Last month’s grand opening of Webster University’s Confucius Institute transformed the Old Post Office downtown into a sensory celebration of Chinese culture, to the delight of more than 250 guests!

    The 125-year-old building, a National Historic Landmark, is home to Webster’s downtown campus and now houses the Institute, a cooperative project between Webster University, Beijing Language and Culture University, and the Chinese Ministry of Education. Webster is one of only four private American universities to be chosen to host a Confucius Institute, a global network that spans 66 countries. “It’s an initiative started by the Chinese Ministry of Education to promote the understanding of Chinese language and culture around the world,” says Debbie Pierce, director of the Institute at Webster. Program offerings will include modern standard Chinese language courses, Chinese culture classes on topics such as business, history, religion, calligraphy and Tai chi, and travel opportunities.

    A traditional lion dance helped usher in the ribbon-cutting ceremony, treating guests to an ancient Chinese ritual that plays an important role in temple consecrations and other official and religious celebrations. Dignitaries among the crowd included Webster University president Neil George, Beijing Language and Culture University vice president Zhao Min, People’s Republic of China consul general Huang Ping and St. Louis congressmen William ‘Lacy’ Clay and Russ Carnahan. Musician Tabitha Mui performed on a modern-day guzheng, a stringed instrument dating back to the Qin dynasty. And throughout the evening, guests were encouraged to participate in demonstrations such as Tai Chi, calligraphy and a tea ceremony.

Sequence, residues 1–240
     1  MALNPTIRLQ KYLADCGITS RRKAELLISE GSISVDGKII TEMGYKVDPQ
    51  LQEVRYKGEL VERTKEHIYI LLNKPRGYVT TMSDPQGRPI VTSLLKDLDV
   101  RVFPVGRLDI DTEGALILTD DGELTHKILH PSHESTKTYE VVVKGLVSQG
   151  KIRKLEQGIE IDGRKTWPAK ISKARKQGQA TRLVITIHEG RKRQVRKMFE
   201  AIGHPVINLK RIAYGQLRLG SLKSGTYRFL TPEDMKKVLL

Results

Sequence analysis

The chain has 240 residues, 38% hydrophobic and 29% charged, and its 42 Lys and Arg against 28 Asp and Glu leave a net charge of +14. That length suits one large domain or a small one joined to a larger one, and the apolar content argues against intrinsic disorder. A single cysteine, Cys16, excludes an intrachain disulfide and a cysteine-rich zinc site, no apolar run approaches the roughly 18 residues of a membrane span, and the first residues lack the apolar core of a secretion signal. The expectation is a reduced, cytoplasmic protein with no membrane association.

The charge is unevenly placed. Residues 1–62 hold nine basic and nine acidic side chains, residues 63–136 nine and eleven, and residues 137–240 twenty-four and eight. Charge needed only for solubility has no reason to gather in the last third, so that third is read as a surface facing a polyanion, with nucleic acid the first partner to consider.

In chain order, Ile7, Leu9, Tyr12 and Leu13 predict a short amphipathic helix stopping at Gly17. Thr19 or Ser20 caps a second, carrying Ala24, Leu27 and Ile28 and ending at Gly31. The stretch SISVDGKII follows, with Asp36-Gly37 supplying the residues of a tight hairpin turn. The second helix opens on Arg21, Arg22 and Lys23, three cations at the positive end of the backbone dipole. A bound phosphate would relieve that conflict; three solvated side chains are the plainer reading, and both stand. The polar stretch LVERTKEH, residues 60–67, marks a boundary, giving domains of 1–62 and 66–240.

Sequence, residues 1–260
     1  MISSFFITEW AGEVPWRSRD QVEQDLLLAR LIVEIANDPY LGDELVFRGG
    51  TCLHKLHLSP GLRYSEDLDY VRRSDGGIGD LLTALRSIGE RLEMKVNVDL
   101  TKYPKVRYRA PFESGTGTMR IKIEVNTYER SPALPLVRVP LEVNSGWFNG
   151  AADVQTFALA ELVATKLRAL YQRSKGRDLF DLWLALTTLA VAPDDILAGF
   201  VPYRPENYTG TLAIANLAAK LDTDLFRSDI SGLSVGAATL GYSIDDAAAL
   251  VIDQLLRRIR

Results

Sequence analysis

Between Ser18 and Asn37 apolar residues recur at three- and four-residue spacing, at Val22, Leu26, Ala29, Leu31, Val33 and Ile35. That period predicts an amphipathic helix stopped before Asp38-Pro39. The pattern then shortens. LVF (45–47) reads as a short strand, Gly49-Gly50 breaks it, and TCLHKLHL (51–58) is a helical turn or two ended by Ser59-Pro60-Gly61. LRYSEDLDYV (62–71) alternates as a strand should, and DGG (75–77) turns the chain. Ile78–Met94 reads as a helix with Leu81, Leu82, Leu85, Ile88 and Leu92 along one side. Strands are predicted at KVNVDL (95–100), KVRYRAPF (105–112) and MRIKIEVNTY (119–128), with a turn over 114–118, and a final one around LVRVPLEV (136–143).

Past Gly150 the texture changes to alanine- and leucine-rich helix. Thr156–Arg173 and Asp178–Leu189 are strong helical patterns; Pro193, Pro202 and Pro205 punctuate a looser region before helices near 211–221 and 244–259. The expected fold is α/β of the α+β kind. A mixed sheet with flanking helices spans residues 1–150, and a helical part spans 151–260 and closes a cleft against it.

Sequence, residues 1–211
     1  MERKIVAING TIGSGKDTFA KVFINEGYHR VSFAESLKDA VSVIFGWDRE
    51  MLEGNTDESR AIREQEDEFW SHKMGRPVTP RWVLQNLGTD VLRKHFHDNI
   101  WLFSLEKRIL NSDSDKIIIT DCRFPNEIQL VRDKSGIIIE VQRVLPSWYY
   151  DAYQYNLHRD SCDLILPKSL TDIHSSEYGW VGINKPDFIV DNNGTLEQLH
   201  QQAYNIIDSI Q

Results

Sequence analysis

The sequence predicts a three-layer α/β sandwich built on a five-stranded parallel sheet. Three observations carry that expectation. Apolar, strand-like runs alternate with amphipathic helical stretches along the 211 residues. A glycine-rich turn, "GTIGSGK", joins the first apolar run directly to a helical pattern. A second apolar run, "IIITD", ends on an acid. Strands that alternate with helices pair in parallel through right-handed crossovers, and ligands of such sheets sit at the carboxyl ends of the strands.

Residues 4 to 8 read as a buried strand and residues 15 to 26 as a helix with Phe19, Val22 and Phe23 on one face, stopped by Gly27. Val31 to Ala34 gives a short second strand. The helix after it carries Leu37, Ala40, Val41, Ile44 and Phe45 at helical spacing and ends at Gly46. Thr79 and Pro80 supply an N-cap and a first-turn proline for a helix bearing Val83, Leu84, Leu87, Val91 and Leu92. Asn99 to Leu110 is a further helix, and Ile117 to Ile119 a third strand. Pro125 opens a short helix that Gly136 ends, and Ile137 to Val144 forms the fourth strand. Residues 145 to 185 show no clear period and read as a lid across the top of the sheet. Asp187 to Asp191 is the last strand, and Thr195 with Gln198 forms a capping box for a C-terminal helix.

Ancient Chinese furniture and artifacts also were on display, including a Ming Dynasty kimono and furniture used in the 1904 World’s Fair. “The furniture is about 200 to 250 years old, and was featured in the China pavilion of the Fair,” Pierce explains. “It was later owned by the Vietnamese president, but the pieces were auctioned off following the fall of Saigon. They eventually made their way here, and were donated to the university.”

    No party is a hit without good food, and no detail was overlooked when planning the menu for the massive guest list. Under the direction of LaCHEF Catering’s Sherrill Gonterman, chefs manned a ‘performance station’ where guests created their own stir-fry dishes. “We set up a wok and rice bowl area with Chinese carryout containers instead of plates,” Gonterman explains. “People filled up their containers with ingredients like chicken, shrimp, peas, bean sprouts, and cashew and their choice of sauce, and handed it over to the chef, who sautéed each dish individually. It was a fun concept and it definitely filled the space with aroma to set the mood.” Pot stickers, spring rolls and curried wonton chips rounded out the menu, with fortune cookies and tea served for dessert.

    A black, red and silver theme captured the evening’s ‘simple elegance,’ according to Nancy Higgins, the university’s special events coordinator. Elegant, Asian-inspired flowers provided another special touch. The bouquets were created by Blooms and were presented in Chinese carryout boxes. Higgins says one of the challenges was to correctly interpret specific Chinese customs. “For instance, the furniture had to be in straight lines, arranged in a certain order, the way the Chinese do it,” she explains. Higgins admits it was also a bit nerve-wracking, considering who was on the guest list. “I felt a little pressure because some of our guests were actually from China. But I was under the direction of people from the Institute, so I knew I was being guided well,” she says. “They’re still talking about the party on campus, that’s always a good sign.”